If a tracking chart for minutes has worked as a motivator for your students, by all means continue to use it! I just found that my students were racking up the minutes on my tracking chart for simply being logged in, and they weren’t using the time productively. Digging a little deeper into the data helped me discover that this attempt at motivating did not work best for my classroom. 


At a READ 180Universal coaching session, I was introduced to the certificate generator in SAM. This tool has been a game-changer in motivating my students! I use this tool to create and print certificates for students when they complete a computer segment.

It’s super simple to create certificates in SAM. Here’s how:

I usually enter “Completing Segment” on line 1, then the segment title on line 3. Doing it this way populates a certificate that looks like this:

I print the certificates on Fridays, sign them, and hand them out at the end of class on Mondays. I don’t have access to a color printer, so the certificates are simply black and white on plain white paper. Some of my students are really jazzed to receive a certificate, and others not so much. 

 Imagine my sheer joy to have recently discovered that one of my students, who has been with me for two years, has been saving all of her certificates! She has been carrying them around with her in her binder since August of 2017. She is proud of herself and her accomplishments (as she should be!), and this pride helps motivate her to continue working hard! 

To help me keep track of which certificates I need to print on Fridays, I have students write down the title of the segment they have completed on a clipboard. When they have completely finished a segment, before they choose a new one, they write it down on a document like this:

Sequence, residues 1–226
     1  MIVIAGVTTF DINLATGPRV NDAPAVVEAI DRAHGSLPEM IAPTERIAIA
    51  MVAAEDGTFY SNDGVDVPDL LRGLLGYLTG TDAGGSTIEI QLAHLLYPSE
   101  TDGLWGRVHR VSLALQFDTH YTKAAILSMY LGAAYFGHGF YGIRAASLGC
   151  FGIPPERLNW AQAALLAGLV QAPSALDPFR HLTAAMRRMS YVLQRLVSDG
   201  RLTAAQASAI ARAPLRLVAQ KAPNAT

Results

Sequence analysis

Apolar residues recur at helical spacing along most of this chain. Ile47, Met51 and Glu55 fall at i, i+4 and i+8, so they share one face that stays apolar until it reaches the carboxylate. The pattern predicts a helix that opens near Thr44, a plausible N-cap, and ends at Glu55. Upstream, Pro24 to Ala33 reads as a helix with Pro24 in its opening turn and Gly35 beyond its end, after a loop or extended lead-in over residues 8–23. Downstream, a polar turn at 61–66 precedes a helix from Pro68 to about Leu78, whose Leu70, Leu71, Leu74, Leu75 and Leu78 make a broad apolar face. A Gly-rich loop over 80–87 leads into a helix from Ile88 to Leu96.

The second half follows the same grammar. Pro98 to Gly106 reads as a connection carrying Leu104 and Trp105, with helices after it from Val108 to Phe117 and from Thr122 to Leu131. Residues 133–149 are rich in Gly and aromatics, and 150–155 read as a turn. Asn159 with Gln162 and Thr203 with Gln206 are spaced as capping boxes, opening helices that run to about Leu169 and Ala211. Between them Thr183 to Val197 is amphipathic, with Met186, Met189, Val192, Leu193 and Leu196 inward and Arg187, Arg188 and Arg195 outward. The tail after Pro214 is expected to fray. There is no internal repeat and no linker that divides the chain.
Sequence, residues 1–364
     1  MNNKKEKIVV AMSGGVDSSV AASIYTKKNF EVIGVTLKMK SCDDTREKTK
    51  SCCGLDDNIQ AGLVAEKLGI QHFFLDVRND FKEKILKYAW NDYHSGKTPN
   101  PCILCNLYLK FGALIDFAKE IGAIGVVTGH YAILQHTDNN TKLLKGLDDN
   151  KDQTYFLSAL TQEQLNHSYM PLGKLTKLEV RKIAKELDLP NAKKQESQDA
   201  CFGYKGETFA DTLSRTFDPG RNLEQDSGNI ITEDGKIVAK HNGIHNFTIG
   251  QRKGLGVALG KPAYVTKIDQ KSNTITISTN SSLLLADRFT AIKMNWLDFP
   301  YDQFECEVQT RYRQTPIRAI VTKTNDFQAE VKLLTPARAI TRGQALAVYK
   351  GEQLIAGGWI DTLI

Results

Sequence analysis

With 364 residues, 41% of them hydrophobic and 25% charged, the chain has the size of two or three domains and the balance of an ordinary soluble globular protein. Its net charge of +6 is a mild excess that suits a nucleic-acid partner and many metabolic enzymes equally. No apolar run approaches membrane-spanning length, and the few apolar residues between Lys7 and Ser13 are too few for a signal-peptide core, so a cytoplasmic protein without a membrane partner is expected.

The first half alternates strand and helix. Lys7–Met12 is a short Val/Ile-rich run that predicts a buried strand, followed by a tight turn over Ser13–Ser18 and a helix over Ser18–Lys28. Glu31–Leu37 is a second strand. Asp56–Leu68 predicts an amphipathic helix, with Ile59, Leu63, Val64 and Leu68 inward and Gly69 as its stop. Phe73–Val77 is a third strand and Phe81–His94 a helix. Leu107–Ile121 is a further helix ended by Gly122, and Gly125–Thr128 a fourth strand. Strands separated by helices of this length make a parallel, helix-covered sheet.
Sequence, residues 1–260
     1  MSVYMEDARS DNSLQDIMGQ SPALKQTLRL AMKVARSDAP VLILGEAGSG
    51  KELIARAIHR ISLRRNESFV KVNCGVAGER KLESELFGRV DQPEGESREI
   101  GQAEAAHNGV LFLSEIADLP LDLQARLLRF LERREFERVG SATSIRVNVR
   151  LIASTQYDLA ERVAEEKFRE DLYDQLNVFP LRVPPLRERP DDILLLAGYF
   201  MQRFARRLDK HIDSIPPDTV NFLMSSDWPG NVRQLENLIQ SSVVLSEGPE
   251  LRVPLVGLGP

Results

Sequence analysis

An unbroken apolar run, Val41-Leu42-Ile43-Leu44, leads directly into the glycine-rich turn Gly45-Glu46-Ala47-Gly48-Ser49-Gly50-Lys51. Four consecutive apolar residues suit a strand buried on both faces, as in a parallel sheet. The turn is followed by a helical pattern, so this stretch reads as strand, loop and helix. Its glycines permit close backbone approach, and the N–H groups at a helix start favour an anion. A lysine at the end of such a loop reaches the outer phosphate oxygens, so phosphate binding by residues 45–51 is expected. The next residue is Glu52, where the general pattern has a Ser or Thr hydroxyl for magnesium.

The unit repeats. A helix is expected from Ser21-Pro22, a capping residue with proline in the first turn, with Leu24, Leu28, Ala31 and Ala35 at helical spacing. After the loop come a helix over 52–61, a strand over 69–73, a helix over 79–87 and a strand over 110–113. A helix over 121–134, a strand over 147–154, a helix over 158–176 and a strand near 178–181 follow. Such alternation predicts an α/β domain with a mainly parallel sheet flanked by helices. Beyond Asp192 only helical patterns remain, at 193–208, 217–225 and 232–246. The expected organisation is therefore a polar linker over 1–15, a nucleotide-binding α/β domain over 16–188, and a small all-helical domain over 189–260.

Sign-up Wall

This little gem has been a game-changer for me! I decided it would be great for students to see what segment their peers are on, so they could talk to each other about the segments. I laminated the segment descriptions and added space for them to write their names. Using a whiteboard marker, students write their name under the segment they’re working on. When they finish a segment, they erase their name from the one they completed and write it under the new segment title they have selected. In addition to being a way for students to talk about the segment more with each other, this wall has also been a great visual for me. I can easily see which segments students are on, as well as tell which ones aren’t being utilized as often. Students like it because who doesn’t want to use a whiteboard marker? I know it’s one of my favorite parts of being a teacher!

 How do you discover what motivates your students? What are some of the successful motivators you use? How do you know when something just isn’t working for your classroom? Have you too tried motivators that crashed and burned? I’d love to hear from you!



Jessica Button is a fourth generation teacher, having been preceded in teaching by a great grandmother, both grandmothers, and her mother. She earned her B.A. in Education in 2006, and her Masters in Reading Education in 2010, both from Arizona State University (Go Sun Devils!). She has been teaching at her current school since 2007, and has taught fourth, fifth, and sixth grades. She was hired as her school’s Reading Specialist in 2016, and currently teaches READ 180 Universal Stage A to fourth, fifth, and sixth grade students. Jessica strives to help others achieve their dreams of becoming teachers, working as an Associate Professor for Arizona State University’s Mary Lou Fulton College of Education, and also serving as a mentor to Teacher Candidates. She is passionate about building relationships with students, and greatly enjoys helping them unearth their strengths and learn to find reading fun! In her spare time, she loves to read, hike, cook, and spending time with her family and friends.